Draft statement on carbon tax

Draft statement on carbon tax

Socialist Alliance does not advocate adoption of a carbon tax. Instead, Socialist Alliance advocates that measures be taken that can rapidly and effectively reduce carbon emissions. These include:

  1. Government regulation (e.g. policies that prohibit establishment of polluting infrastructure - "no new coal or gas" - or that impose limits/restrictions on existing polluting activities); and
  2. Direct public funding (and ownership) for renewable energy infrastructure, expanded public transport and other projects that can replace existing pollution generators.  

The latter measures can be paid for by eliminating subsidies to fossil fuel industries (currently approx $10 billion per year) and by increasing corporate taxation. (For example, the Beyond Zero Emissions plan for 100% renewable energy in Australia by 2020 could be paid for in full by increasing corporate taxation to annually recoup 12.7% - merely one eighth [!!] - of the 2008-09 gross operating surplus of corporations operating in Australia. Alternatively, a more specific tax on the super profits of banks and the mining industry could be devised. No doubt the corporate executives would squeal about such proposals but the fate of the world's climate is at stake and such action to save civilisation is justified.)

Even for the government to borrow the full amount at commercial interest rates would be a better option than allowing the climate emergency to continue getting worse.

Supporters of carbon taxes ("putting a price on carbon") typically (albeit falsely) argue that utilising "market mechanisms" is the most effective means available to reduce emissions and that measures can be taken to avoid the negative social impacts such taxes would almost inevitably create. However these arguments ignore:

  • that even the best designed carbon tax can only work indirectly (i.e. relatively slowly) whereas the climate crisis demands an urgent transition across the whole economy at emergency speed;
  • that leaving the timing and nature of investment decisions to "the market" is in contradiction to planning a socially just transition (i.e. ensuring jobs and livelihoods for workers currently working in polluting industries and a fair transition for communities);
  • that most actual proposals for carbon taxes (i.e. those put forward by corporate figures, capitalist governments, politically "realistic" NGOs and academics, etc) are hopelessly inadequate to the task of driving the emergency transition to a zero carbon economy that is needed. (In some cases, these proposals for a carbon tax are cynically designed to be ineffective while creating the public impression that climate action is being taken. However, even the most genuinely conceived proposals tend to divert public awareness away from the necessary measures referred to above that can effectively reduce emissions.);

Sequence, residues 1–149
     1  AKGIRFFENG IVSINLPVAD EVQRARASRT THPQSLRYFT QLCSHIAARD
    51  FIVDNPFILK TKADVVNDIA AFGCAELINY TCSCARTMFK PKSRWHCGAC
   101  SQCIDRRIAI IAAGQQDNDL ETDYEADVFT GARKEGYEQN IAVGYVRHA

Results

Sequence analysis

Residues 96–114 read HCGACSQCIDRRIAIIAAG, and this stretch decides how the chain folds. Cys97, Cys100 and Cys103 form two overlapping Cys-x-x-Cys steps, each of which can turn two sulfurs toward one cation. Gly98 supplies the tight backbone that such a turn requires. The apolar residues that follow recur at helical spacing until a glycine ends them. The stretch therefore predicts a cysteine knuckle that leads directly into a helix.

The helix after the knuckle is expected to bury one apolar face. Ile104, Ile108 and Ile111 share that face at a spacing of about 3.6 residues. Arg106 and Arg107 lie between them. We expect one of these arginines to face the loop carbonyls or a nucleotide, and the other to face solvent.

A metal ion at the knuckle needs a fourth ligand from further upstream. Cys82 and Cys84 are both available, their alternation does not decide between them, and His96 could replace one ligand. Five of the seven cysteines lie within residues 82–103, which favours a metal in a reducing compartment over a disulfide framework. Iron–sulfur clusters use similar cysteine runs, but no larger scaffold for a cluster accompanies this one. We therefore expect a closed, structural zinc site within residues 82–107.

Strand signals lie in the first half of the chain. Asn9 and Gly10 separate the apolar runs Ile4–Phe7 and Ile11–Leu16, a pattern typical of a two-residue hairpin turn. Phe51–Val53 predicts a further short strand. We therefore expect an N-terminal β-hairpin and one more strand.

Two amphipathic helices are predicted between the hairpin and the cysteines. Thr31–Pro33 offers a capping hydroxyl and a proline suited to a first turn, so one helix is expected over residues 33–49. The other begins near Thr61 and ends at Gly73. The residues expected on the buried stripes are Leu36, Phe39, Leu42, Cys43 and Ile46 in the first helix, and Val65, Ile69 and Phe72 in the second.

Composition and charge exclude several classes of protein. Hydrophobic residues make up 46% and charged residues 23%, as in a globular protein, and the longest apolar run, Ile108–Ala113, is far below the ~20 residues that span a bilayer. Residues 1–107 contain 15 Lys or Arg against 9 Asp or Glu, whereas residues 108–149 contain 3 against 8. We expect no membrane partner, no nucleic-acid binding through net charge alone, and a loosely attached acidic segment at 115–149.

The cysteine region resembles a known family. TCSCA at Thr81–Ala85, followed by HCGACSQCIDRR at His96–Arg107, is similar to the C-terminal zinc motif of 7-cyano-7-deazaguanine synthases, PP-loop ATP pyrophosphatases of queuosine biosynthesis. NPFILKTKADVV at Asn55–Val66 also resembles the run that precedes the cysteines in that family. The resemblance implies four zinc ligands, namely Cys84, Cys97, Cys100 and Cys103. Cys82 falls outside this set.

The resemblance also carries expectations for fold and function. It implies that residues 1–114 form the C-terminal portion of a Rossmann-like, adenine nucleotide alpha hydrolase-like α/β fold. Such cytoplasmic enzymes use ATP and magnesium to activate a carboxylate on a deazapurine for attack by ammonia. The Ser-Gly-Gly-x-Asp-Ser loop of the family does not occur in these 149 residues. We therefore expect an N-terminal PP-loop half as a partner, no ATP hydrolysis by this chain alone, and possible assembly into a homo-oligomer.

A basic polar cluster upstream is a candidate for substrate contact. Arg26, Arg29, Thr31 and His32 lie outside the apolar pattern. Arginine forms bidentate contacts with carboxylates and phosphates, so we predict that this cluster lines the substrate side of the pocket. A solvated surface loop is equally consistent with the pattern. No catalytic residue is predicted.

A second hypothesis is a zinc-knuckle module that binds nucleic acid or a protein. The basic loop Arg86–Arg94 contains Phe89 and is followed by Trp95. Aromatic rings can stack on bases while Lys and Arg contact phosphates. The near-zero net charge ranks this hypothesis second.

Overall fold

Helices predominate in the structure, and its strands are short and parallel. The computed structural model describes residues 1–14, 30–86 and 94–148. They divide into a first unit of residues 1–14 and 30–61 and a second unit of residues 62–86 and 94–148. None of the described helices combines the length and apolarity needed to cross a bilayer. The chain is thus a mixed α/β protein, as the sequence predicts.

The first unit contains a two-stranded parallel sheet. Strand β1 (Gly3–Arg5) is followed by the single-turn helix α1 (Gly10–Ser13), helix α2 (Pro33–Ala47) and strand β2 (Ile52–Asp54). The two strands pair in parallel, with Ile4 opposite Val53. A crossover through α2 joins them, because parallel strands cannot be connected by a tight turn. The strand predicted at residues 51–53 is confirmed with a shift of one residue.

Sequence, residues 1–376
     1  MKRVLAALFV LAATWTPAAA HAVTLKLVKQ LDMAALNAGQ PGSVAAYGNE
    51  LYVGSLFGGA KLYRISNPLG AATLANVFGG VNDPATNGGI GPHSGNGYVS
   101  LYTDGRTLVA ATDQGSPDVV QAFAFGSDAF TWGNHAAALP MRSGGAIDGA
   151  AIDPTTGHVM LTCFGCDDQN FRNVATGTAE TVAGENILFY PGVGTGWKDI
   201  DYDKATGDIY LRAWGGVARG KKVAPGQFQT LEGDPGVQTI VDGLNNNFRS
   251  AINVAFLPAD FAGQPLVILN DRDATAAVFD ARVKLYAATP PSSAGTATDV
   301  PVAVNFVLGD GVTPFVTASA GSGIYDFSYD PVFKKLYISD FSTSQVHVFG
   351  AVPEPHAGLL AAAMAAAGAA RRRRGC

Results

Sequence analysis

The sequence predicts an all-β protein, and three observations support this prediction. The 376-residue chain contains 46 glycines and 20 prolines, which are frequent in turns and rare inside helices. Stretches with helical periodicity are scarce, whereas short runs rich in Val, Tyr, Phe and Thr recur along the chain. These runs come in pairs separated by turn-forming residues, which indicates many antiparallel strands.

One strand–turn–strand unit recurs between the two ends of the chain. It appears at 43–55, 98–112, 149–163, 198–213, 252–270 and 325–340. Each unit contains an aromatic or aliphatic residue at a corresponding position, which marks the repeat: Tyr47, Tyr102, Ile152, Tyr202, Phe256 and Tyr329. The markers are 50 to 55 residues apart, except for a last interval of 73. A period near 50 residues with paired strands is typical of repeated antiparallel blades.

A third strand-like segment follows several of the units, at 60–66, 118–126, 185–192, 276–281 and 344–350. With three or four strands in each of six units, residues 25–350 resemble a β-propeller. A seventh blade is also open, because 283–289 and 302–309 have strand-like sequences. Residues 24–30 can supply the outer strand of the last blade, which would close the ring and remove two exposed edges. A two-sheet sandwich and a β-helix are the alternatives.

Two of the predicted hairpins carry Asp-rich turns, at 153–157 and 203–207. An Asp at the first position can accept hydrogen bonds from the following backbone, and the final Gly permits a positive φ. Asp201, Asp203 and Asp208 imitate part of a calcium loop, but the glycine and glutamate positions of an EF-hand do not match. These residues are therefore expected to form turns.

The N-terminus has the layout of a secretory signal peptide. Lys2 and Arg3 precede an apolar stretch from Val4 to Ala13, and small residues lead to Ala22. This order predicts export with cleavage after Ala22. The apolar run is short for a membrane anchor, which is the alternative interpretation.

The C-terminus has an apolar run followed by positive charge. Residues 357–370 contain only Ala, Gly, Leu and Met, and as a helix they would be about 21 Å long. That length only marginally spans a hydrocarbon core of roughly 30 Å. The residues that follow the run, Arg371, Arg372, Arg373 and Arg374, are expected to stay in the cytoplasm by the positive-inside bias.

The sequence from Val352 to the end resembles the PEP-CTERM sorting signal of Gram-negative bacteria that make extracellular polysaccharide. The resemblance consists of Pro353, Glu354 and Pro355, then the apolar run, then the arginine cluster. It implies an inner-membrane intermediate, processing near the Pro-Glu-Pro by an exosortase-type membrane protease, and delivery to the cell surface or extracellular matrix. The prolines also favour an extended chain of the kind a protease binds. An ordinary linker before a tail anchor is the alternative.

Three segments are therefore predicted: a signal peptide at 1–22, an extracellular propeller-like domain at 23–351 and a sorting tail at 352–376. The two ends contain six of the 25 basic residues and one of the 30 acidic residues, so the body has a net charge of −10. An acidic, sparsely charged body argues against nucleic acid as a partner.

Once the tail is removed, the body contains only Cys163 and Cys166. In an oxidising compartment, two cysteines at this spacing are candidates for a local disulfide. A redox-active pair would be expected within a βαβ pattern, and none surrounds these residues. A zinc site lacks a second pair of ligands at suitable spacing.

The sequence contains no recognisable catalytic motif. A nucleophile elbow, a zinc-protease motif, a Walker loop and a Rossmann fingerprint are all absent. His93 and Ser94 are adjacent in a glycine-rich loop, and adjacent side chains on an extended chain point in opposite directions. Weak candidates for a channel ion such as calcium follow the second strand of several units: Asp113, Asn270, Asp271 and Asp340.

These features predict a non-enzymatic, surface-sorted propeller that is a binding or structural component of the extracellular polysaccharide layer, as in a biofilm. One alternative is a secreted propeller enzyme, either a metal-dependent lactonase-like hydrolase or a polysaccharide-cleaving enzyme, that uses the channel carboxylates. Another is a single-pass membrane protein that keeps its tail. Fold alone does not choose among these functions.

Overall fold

• that there is little, if any, evidence that carbon taxes in other countries have actually been effective in reducing emissions; and
  • that any measures taken to reduce the negative social consequences of a carbon tax tend to undermine the effectiveness of the tax itself in reducing emissions.

For these reasons, we don't believe that it is useful for the climate movement to campaign for a carbon tax. Instead, the climate movement should campaign for measures, as described above, that can more reliably be expected to reduce carbon emissions.

Notwithstanding the above arguments, the Socialist Alliance recognises that important components of the climate movement do support the adoption of a carbon tax.

We also acknowledge that it is conceivable that a carbon tax could be designed that could assist in reducing emissions. Therefore, we do not oppose the adoption of a carbon tax on principle. We reserve the right to give support (critical or otherwise) to a particular carbon tax proposal if it:

  1. will actually help to reduce emissions;
  2. will place its burden most heavily on the profits of polluting industries;
  3. will protect the living standards of poor people and wage workers; and
  4. it is a component of a broader climate policy.

Nevertheless, the Socialist Alliance does oppose outright any carbon tax that:

  • is coupled with subsidies to polluting industries;
  • is not targeted at making polluting industries pay;
  • places any significant burden on the living standards of poor people or wage workers; or
  • is put forward as a substitute for taking effective measures to reduce carbon emissions.
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